said, Because of the money that was returned 8 And Judah said unto Israel his father, in our sacks at the first time are we brought Send the lad with me, and we will arise and in; that he may "seek occasion against us, go; that we may live, and not die, both we, and fall upon us, and take us for bondmen, and thou, and also our little ones.

and our asses. 9 I will be surety for him ; of my hand 19 And they came near to the steward shalt thou require him: 'if I bring him not of Joseph's house, and they communed with unto thee, and set him before thee, then let him at the door of the house, me bear the blame for ever:

20 And said, Osir, ?we 13came indeed 10 For except we had lingered, surely now down at the first time to buy food : we had returned this second time.

21 And it came to pass, when we came 11 And their father Israel said unto them, to the inn, that we opened our sacks, If it must be so now, do this; take of the best ) and, behold, every man's money was in Heb. protesting protested. * Chap 42. 20. 3 Heb. asking asked us.

5 Heb. knowing could we know ? 6 Chap 44. 32. 7 Or, twice by this. 8 Or, and I, as I have been, &c. 9 Heb. kill a killing.

11 Heb. roll himself upon us.

lo Clip. 43. 3. 13 Heb, coming down we came doun.

4 Heb, mouth.

10 Heb. cat.

the mouth of his sack, our money in full | they bowed down their heads, and made weight: and we have brought it again in obeisance. our hand.

29 And he lifted up his eyes, and saw his 22 And other money have we brought brother Benjamin, his mother's son, and said, down in our hands to buy food: we cannot Is this your younger brother, of whom ye tell who put our money in our sacks. spake unto me? And he said, God be gra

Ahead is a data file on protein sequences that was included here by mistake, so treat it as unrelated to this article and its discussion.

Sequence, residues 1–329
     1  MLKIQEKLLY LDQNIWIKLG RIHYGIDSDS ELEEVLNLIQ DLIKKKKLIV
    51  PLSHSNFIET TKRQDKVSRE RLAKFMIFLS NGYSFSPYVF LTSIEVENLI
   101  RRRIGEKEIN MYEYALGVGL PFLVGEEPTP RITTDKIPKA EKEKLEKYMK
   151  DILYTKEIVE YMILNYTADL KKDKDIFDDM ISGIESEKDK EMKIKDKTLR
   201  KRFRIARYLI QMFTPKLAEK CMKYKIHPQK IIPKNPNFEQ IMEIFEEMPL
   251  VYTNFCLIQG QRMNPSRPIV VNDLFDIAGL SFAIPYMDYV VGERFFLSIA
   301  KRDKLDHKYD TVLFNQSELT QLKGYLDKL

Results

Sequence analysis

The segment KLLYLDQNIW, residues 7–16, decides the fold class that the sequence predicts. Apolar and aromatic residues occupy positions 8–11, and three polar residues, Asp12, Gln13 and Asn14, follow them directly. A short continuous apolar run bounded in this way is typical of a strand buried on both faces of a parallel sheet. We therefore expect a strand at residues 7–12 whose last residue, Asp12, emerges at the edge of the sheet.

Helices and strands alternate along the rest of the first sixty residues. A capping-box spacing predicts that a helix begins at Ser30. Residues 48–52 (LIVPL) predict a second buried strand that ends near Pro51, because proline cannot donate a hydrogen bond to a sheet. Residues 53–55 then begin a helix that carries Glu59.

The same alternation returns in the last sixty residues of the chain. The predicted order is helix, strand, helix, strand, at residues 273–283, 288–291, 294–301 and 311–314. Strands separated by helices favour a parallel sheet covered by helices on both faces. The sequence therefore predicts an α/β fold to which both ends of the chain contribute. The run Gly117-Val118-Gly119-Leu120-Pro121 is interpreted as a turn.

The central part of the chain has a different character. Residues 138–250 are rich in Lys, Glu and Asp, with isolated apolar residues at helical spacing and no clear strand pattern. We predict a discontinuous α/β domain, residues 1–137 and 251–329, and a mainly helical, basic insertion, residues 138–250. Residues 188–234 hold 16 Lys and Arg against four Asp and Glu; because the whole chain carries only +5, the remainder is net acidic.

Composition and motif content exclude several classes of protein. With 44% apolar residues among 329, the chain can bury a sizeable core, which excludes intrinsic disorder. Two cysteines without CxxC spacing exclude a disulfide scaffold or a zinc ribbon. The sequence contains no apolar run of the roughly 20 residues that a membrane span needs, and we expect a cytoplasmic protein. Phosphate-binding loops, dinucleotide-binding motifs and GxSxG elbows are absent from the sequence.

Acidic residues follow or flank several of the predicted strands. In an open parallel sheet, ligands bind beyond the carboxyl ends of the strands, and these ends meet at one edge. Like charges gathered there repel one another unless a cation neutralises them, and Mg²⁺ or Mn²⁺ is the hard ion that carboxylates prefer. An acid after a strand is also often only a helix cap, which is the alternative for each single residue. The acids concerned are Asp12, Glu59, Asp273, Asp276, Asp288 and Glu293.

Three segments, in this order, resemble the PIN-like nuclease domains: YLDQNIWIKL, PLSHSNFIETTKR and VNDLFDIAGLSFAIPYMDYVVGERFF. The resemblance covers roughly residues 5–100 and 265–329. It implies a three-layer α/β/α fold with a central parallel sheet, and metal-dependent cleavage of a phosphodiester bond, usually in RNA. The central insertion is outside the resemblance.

23 And he said, Peace be to you, fear not : cious unto thee, my son. your God, and the God of your father, hath 30 And Joseph made haste ; for his given you treasure in your sacks: "I had bowels did yearn upon his brother: and he your money. And he brought Simeon out sought where to weep; and he entered into unto them.

his chamber, and wept there. 24 And the man brought the men into 31 And he washed his face, and went out, Joseph's house, and 's gave them water, and and refrained himself, and said, Set on bread. they washed their feet; and he gave their 32 And they set on for him by himself, asses provender.

and for them by themselves, and for the 25 And they made ready the present Egyptians, which did eat with him, by themagainst Joseph came at noon : for they heard selves: because the Egyptians might not that they should eat bread there.

eat bread with the Hebrews; for that is an 26 And when Joseph came home, they abomination unto the Egyptians. brought him the present which was in their 33 And they sat before him, the firstborn hand into the house, and bowed themselves according to his birthright, and the youngest to him to the earth.

according to his youth: and the men mar27 And he asked them of their 18welfare, velled one at another. and said, "Is your father well, the old man of 34 And he took and sent messes unto whom ye spake? Is he yet alive ?

them from before him: but Benjamin's mess 28 And they answered, Thy servant our was five times so much as any of their's. And father is in good health, he is yet alive. And they drank, and "were merry with him. 14 Heb. your money came to me. 15 Chap. 18. 4, and 24. 32 16 Heb. peace. 37 Heb. Is there peace to your father. 18 Heb. drank largely.

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Verse 11. For “ balm,” “spices,” and “myrrh,” see notes on chap. xxxvii. 25,

Nuts," D'U2 Botnim.—The nuts here spoken of were the Pistachio nuts, produced by one of the terebinthaceous trees once peculiar to Syria, Pistacia vera, whence it was brought into Europe by Lucius Vitellius, governor of Syria, and since that spread over the shores of the Mediterranean. The nuts are about the size of a hazel-nut, covered este